I made this comment:
“You do have to be careful with the ‘It drives an essential change in another character’ idea, though. There’s quite a tradition in comic books, for example, of female characters being killed (or raped or something else) mostly to make the male main characters feel and react in certain ways.”
Then I saw this in the review of the new X-men movie at rogerebert.com:
“How many more wives and daughters will be killed in these kinds of films in order to give a male lead some angst?”
Therefore all the more convincing me that I’m not going to rush out to see the picture.
Also on that website, there was this piece, which further clarified my thinking about The Hateful Eight:
It contains this observation:
“First, let’s analyze the individuals the filmmaker puts in the cabin that serves as the movie’s stage: there is a black man (Samuel L. Jackson’s Major Warren) and a representative of the racist Confederation (Bruce Dern’s General Smithers); there is a guy who supposedly got rich by becoming a partner in a venture (Michael Madsen’s Joe Gage) and the poor stagecoach driver who is required to work more than everyone else (James Parks’ O.B. Jackson); there’s representative of the Law (Kurt Russell’s John Ruth) and one who threatens the Order (Jennifer Jason Leigh’s Daisy); and there is, finally, the British guy who symbolizes those who colonized America (Tim Roth’s Oswaldo Mobray) and the Mexican man representing the colonialist nature of the newly formed country (Demián Bechir’s Bob). We soon discovered, also, how General Smithers massacred a battalion of black soldiers, how Major Warren massacred a contingent of Indians, how Minnie (the owner of the cabin, who was black) hated Mexicans and how everyone seems comfortable in beating or threatening Daisy, the only woman in the group.
“It does not require much imagination, therefore, to see how the space shared by all those people from different backgrounds is a representation of America itself…”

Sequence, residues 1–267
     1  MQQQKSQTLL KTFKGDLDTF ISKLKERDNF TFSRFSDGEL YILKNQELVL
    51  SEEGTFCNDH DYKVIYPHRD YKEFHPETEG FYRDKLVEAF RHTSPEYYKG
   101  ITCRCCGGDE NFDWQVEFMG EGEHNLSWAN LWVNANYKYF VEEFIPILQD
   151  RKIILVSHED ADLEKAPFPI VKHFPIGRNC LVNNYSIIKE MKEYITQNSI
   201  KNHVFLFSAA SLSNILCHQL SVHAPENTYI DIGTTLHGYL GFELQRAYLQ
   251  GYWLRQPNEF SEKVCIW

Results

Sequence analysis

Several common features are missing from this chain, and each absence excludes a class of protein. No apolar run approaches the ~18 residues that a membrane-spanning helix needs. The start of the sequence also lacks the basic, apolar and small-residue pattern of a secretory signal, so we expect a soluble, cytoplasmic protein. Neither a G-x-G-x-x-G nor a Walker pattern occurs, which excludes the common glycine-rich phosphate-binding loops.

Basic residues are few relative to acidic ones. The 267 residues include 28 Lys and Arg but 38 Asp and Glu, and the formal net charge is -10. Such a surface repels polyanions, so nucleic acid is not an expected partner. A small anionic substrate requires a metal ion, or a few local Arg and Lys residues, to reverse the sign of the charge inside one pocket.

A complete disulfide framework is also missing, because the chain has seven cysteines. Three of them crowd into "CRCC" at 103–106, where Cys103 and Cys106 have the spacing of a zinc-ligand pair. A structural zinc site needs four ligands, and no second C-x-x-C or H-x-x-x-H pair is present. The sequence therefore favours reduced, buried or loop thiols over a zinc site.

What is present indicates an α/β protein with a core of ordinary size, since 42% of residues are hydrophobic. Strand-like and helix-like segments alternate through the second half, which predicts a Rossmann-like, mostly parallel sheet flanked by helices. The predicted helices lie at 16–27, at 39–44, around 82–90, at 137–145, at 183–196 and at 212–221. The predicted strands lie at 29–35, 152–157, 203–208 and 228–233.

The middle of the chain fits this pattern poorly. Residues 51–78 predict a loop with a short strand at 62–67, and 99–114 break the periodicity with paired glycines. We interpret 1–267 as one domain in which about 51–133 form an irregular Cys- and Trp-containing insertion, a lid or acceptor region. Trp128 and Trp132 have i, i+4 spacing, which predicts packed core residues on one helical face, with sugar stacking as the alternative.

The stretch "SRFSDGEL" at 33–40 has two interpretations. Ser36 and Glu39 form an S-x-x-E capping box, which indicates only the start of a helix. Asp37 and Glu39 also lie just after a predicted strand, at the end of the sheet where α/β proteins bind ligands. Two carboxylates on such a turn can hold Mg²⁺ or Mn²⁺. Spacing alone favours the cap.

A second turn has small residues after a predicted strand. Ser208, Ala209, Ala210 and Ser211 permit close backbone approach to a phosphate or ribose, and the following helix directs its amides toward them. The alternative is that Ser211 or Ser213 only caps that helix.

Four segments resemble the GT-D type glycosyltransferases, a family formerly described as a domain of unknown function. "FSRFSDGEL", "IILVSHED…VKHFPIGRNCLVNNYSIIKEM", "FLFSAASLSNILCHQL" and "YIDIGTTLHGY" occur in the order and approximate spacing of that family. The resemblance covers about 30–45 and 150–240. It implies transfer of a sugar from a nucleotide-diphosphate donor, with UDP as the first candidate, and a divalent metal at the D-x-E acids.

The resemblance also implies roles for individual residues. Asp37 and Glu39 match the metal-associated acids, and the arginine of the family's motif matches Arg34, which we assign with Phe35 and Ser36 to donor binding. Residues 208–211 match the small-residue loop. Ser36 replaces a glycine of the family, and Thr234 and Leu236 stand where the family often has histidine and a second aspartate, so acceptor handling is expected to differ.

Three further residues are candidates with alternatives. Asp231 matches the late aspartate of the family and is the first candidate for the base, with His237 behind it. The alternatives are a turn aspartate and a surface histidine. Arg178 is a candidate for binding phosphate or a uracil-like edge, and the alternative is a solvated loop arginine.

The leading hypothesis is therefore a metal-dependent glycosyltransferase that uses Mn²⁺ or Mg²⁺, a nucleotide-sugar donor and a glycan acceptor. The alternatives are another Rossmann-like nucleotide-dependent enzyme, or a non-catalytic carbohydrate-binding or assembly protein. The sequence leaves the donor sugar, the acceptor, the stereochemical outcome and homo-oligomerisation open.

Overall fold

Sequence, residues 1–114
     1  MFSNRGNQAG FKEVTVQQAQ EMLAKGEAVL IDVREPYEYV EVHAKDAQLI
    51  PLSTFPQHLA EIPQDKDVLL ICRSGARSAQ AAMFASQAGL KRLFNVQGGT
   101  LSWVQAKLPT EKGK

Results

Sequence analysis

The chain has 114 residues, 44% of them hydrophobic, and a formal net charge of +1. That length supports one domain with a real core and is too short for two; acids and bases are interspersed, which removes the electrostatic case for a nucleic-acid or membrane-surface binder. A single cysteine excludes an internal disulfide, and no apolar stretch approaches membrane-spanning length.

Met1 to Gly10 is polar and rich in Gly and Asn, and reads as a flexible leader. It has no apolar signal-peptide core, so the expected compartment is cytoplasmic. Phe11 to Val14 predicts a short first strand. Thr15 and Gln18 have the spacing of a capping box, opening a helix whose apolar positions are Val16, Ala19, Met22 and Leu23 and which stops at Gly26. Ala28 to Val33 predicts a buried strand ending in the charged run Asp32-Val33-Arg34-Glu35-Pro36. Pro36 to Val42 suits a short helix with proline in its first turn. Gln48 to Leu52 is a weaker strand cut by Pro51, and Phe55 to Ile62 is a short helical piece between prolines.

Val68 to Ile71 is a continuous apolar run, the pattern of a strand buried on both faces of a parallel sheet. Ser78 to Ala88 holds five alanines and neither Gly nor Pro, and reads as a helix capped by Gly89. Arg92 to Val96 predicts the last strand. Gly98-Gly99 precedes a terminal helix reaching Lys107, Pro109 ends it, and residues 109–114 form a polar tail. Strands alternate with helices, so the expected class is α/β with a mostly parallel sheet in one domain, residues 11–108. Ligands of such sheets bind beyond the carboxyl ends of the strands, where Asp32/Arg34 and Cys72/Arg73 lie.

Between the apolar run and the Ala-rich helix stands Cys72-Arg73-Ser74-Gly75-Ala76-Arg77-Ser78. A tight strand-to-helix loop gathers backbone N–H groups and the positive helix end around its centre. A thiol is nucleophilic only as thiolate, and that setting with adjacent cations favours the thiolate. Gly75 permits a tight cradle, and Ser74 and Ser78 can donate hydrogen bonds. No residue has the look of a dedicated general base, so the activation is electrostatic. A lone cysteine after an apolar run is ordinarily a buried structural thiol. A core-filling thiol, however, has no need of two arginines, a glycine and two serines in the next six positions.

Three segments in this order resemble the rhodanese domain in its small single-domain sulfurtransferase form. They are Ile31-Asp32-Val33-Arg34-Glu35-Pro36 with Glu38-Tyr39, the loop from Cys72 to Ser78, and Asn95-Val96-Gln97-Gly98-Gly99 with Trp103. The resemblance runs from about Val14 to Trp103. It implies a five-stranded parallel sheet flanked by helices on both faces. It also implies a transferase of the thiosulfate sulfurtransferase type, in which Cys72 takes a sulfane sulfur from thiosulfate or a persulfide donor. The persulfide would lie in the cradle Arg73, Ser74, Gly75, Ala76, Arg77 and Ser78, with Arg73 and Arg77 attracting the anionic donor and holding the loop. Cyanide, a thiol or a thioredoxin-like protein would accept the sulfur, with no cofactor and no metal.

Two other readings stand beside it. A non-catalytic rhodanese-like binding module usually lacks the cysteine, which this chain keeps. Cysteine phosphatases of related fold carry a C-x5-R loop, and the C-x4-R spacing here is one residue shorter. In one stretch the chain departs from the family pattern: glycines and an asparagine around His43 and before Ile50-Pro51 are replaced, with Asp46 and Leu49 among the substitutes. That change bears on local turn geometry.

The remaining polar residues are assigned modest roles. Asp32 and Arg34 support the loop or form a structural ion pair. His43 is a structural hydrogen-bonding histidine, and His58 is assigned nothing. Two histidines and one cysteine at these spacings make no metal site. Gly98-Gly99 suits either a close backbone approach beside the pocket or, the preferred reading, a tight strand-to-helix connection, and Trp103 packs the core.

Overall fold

This expands on the observation that I settled on last time: “…a parlor-room epic, an entire nation in a single room.”
Not that surprising, really. The restarted series wasn’t as good as it was the previous time around, and even at its best I often wondered who the target audience was supposed to be.
By the way, Gail Simone, the writer of Secret Six, was one of the people to identify the “women in refrigerators” syndrome I referred about above. So, it is both pleasing and appropriate that, as the article puts it, “…Simone quietly undid one of the great travesties in DC history: the murder of Sue Dibny in Identity Crisis.”
Sue was the wife of Ralph Dibny, the Elongated Man. They were one of the great comic book marriages. Ralph was never a first-string hero — he had rather goofy stretching powers, but he was basically a detective. They were pretty much the comic book Nick and Nora Charles — zipping around the world solving mysteries and having a great time doing it.
Sue was never a fighter, so it was particularly inappropriate for her to be killed.
And now she’s back, which is as it should be, and the dysfunctional super-villains of the Secret Six got a really nice send-off. Like the Fast and Furious movies, and Firefly/Serenity, it was always the story of a family — a family made up of some not-very-nice people.
And, finally, I thought recently that I was in the mood to hear some new music from Lorde, which led me to the recent Brit awards, where she sang David Bowie’s “Life on Mars.”
You can watch the first half of the clip, with the speeches by Annie Lennox and Gary Oldman (accepting the award on Bowie’s behalf), or you can skip ahead to the performance (around nine minutes in).
The most moving part is that the musicians are Bowie’s long-time band, most of whom had played with him for many years (decades, in some cases), but I do have to report that Lorde nailed it.
A very appropriate farewell.